The second year, a refinery was built near the other works. This was a large building, constructed of stone procured from quarries near by. After its completion the company did its own refining. The burning oil was much the same as the kerosene of the present day. In refining the crude oil many different products were obtained; namely, benzene, gasoline, kerosene, lubricating oil, paraffin, coal tar, and asphaltum.

When the works were in full operation, they furnished employment for nearly 100 men. The works, however, did not prove to be a financial success, for about this time oil wells were discovered in Pennsylvania, which reduced the price of oil to a figure much less than that for which it could be manufactured from coal. When it was found by the company that the works could no longer be carried on successfully, they were abandoned and a large number of debts contracted by the company were left unpaid. The works were finally sold at sheriff’s sale for the benefit of creditors. They fell into the hands of the Frost Manufacturing Company of Galesburg; and the outfit, comprising many carloads of old iron and machinery, was shipped to that city. The refinery building was used for a time by David Morse for a barn, but was finally torn down by Dr. Saunders and the stone used for different purposes. Some of them may be seen at the present time in a wall along the road in front of the Saunders house.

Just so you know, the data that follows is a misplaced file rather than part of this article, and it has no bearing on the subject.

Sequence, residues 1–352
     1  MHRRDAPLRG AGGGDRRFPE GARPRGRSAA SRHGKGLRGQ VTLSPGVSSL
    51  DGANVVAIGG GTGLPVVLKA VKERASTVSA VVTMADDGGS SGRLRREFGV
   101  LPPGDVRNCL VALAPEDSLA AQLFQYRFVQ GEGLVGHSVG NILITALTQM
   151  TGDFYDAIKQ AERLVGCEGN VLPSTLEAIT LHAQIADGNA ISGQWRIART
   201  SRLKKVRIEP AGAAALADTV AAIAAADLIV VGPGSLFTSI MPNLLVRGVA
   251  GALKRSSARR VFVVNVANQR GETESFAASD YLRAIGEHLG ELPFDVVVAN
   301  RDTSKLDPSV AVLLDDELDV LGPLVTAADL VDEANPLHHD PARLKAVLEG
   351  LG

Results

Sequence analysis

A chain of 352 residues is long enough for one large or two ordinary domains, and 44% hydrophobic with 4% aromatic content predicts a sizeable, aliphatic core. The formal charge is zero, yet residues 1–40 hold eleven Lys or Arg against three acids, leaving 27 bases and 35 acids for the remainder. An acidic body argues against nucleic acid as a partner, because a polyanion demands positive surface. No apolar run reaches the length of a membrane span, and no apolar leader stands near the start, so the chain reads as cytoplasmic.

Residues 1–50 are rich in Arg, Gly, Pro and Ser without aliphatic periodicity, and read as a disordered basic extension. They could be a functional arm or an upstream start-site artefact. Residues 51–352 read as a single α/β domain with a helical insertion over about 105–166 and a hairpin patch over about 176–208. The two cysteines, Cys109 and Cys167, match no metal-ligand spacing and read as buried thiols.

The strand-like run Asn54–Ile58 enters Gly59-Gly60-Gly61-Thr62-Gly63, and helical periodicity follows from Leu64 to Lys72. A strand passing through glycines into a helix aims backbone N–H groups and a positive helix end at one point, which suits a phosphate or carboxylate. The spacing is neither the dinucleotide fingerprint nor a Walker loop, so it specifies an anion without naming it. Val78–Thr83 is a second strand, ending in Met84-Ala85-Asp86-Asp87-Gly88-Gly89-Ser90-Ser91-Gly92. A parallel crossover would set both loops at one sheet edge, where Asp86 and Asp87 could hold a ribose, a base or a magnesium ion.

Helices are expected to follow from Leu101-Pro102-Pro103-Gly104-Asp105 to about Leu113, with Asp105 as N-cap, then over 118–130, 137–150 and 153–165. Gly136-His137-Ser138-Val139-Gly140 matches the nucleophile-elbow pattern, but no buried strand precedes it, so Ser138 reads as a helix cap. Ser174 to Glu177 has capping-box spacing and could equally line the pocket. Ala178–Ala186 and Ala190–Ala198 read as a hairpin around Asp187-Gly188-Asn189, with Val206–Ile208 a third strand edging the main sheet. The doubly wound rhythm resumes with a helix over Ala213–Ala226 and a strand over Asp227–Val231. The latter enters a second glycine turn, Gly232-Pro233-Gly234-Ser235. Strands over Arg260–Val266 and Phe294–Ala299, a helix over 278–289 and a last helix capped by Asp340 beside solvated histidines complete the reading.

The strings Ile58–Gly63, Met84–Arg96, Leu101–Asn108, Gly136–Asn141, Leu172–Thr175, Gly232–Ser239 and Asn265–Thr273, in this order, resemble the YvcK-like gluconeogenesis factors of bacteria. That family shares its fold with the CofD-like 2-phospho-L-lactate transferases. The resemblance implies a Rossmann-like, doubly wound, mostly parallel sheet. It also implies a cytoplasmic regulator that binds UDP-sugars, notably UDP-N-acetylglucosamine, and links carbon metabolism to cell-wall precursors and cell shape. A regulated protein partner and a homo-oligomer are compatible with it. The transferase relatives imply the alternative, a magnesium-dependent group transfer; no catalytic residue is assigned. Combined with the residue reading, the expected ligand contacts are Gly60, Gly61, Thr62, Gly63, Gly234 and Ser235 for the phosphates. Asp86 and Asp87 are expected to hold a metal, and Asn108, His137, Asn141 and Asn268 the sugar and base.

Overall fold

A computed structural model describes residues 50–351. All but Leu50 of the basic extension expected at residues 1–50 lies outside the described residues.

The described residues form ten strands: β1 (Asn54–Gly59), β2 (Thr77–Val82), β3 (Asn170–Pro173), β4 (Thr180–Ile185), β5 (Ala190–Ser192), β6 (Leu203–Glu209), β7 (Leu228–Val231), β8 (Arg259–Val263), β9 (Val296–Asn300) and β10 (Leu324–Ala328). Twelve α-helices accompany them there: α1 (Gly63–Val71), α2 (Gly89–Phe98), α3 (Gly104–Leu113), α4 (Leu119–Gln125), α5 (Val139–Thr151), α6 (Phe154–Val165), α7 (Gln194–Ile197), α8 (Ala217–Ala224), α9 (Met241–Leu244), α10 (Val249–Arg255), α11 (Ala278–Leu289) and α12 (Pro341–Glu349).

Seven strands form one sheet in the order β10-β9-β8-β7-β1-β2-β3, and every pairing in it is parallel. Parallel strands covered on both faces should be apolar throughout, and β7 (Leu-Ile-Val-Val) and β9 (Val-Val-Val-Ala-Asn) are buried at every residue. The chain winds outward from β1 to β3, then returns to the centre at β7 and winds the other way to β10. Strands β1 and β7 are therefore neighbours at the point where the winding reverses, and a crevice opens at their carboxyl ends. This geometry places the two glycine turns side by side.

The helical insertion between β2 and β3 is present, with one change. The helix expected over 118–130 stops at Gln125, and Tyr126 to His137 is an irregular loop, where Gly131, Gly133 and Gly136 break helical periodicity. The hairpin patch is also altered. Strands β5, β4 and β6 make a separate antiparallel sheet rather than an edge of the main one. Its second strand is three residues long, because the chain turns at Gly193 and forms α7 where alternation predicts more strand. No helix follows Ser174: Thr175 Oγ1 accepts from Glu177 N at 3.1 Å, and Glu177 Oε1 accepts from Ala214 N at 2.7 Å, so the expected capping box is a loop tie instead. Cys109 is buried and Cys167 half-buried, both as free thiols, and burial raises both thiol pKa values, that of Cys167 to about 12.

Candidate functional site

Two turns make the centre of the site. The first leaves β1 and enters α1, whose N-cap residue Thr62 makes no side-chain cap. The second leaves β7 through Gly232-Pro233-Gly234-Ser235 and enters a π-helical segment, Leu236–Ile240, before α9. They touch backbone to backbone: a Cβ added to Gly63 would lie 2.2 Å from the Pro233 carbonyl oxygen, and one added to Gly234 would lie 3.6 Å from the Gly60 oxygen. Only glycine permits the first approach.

At the same time the Avon works were put in operation, similar works were constructed in Peoria county, and with like results. The work of mining the vein of cannel coal necessitated the removal of large quantities of fire clay underlying the coal. After the oil works had been in operation about a year, a large dump of clay had accumulated; and a company, composed of James McDougal, A. Horrocks, and George R. Clark, was formed for the purpose of manufacturing it into fire brick.The company erected quite extensive works on the land now owned by the James Mings estate, consisting of kilns, drying sheds, etc., and also installed the machinery necessary for grinding the clay. They manufactured a variety of wares, consisting of locomotive fire backs, cupola brick, flue tops and many different shapes of fire brick, nearly all of the product being shipped to Chicago.

But their venture, like the oil works, did not prove a success financially. The works finally passed into the hands of Jerome Goodspeed, then a prominent merchant in Avon. It proved a profitable investment for him. He ground the clay and shipped it to Chicago by the carload, where it found a ready sale. He continued the business until the dump was exhausted.

W. H. ROSE.